Aviation also faces challenges of sustainability—financial and environmental. The airline business is one of cutthroat competitiveness, which forces returns below the participants’ cost of capital. And while the industry has set responsible and challenging targets for managing its impact on climate change, governments need to step up to the task of providing the global regulatory framework necessary for the achievement of these goals. 

SG: Would you agree that in such a complex sector as aviation, the perspectives of brand owners and brand users often seem at odds with each other? How would you define these perspectives and why are they so often so divergent?

TT: The experience of an airline’s customers is affected to a great degree by entities beyond the control of the airline itself. In most cases the airline is not the owner of the airport terminal facilities, for example. And they are at the mercy of air traffic control, available airspace, and even the weather for a large part of their on-time performance. Outsourced suppliers—for services such as maintenance and perhaps check-in, baggage handling and lounge services—need to be well-managed in order to align to the airline’s brand values. So, while the airline itself may aspire to the highest standards of service, and position its brand accordingly, its customers’ experience may tell a different story. Customer expectations of airlines are high—and rightly so—but even experienced passengers will associate any disappointment with the travel experience directly with the airline, rather than a different element in the value chain that is actually responsible. It’s a big challenge to airlines to get this right. And, often, service recovery can be as important to an airline’s brand as service delivery.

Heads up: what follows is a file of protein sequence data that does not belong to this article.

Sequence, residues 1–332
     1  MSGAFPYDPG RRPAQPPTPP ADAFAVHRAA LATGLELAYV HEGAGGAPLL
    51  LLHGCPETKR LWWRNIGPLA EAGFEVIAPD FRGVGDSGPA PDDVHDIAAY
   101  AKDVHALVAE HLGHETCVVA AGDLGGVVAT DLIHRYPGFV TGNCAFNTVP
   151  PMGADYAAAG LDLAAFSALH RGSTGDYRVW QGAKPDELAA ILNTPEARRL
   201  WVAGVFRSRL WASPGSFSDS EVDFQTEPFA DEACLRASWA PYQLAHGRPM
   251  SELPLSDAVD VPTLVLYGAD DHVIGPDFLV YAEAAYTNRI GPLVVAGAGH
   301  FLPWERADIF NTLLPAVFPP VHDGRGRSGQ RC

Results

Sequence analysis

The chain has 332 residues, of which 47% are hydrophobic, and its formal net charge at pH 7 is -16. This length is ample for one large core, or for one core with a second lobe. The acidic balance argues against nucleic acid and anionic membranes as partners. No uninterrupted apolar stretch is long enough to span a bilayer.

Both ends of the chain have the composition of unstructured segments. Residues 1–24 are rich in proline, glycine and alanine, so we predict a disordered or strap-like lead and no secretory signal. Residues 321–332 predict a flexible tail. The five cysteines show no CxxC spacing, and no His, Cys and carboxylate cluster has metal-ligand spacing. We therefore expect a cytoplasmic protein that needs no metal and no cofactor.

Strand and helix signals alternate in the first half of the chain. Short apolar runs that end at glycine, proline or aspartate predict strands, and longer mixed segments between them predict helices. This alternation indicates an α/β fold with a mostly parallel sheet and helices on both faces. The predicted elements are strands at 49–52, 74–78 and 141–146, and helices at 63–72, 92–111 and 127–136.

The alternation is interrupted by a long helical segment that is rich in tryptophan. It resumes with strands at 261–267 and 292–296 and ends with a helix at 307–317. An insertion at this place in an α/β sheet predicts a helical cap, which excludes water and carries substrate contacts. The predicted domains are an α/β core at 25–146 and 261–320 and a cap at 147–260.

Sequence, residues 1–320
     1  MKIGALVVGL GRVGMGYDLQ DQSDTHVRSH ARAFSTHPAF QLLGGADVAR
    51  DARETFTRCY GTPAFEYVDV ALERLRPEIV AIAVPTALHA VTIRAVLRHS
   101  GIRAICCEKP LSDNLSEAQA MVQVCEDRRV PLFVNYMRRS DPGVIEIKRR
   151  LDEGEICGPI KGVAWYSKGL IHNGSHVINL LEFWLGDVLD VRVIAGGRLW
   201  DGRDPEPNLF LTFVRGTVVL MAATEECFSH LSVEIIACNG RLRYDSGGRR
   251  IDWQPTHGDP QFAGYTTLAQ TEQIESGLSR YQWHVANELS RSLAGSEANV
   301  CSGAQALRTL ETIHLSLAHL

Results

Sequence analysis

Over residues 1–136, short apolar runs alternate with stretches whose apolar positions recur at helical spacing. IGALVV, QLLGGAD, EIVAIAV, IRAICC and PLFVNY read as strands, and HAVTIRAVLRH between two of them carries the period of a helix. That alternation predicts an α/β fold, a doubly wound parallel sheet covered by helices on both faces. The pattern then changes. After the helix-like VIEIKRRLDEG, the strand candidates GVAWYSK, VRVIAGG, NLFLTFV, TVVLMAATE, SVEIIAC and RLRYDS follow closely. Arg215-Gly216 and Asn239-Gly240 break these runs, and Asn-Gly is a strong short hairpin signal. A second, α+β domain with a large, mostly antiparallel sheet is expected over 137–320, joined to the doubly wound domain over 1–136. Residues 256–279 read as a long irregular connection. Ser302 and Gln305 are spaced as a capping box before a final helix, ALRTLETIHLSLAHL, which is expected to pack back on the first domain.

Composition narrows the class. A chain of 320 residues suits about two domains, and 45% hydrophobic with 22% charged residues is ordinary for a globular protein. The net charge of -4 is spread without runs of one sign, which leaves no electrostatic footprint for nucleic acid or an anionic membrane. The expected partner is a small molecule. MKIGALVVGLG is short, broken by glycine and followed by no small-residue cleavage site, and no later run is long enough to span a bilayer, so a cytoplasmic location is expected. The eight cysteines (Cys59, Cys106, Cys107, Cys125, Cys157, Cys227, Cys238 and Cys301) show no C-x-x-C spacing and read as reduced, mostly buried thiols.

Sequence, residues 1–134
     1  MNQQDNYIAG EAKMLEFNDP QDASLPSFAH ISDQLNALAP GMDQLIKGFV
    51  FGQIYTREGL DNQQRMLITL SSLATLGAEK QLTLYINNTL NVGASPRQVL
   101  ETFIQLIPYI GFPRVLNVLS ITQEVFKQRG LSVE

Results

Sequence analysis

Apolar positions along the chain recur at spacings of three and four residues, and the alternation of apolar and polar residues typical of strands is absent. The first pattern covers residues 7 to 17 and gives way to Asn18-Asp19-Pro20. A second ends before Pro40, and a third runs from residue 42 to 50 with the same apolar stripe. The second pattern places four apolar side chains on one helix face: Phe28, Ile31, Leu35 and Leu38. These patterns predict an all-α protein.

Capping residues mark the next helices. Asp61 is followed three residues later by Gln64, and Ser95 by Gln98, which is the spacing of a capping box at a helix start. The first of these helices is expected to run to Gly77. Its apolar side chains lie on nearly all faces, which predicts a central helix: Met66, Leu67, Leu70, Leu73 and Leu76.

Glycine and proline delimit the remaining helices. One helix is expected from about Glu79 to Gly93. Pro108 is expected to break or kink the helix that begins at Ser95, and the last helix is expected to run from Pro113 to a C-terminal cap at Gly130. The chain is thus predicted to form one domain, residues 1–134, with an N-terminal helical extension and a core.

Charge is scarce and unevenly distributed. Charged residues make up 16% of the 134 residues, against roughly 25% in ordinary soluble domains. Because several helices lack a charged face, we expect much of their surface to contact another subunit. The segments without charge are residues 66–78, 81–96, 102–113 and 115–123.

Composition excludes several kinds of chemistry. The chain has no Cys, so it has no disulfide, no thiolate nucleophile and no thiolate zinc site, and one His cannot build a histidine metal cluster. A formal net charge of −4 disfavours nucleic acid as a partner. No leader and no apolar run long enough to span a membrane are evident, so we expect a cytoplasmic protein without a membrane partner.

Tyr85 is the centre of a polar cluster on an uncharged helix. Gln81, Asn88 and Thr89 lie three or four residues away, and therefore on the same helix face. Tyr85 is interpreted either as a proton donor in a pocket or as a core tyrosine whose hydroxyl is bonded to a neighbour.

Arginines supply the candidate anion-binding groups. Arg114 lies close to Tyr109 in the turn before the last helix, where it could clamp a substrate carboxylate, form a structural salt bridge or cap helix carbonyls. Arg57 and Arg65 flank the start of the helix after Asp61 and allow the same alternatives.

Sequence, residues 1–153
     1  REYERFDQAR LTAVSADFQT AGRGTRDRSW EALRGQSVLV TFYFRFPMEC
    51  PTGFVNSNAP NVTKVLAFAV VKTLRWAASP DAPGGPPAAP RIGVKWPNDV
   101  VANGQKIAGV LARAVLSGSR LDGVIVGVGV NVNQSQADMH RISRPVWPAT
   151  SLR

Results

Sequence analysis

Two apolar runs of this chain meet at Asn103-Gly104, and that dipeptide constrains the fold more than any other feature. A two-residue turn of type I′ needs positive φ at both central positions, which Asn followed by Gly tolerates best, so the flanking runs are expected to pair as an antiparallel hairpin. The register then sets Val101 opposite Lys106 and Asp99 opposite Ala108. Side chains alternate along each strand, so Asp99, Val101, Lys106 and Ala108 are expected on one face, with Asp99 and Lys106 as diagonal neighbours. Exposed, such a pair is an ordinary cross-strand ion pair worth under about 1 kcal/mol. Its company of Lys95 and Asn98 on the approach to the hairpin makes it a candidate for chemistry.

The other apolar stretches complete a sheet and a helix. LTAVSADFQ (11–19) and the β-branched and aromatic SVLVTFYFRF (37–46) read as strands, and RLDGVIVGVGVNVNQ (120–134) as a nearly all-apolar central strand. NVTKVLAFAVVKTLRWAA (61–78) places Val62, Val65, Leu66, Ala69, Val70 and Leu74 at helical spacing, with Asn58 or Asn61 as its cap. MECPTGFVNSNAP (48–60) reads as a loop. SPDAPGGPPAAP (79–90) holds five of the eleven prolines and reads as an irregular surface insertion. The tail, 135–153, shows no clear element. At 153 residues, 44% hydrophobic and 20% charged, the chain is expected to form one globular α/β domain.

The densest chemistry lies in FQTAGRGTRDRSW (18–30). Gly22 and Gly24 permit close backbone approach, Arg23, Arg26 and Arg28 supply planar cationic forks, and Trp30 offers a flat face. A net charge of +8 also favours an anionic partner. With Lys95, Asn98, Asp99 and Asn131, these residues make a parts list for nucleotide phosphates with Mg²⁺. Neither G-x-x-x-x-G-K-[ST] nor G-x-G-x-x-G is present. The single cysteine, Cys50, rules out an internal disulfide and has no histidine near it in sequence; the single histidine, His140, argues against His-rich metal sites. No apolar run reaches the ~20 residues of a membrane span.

SG: Where do you see the primary opportunities to bridge the gap? 

TT: Clearly, it’s up to each airline to deliver excellence in every aspect that is under its direct control: through its own people or its subcontracted suppliers. Achieving a quality service from monopoly providers such as airports or air navigation service providers can be more difficult, although there are plenty of examples of excellence in these industries too. IATA plays an important role in representing the collective interests of airlines with these counterparts. We help to drive improvements in facilities and service, and also develop standards and procedures for the introduction of automation and our suite of self-service “Fast Travel” options, as I mentioned earlier.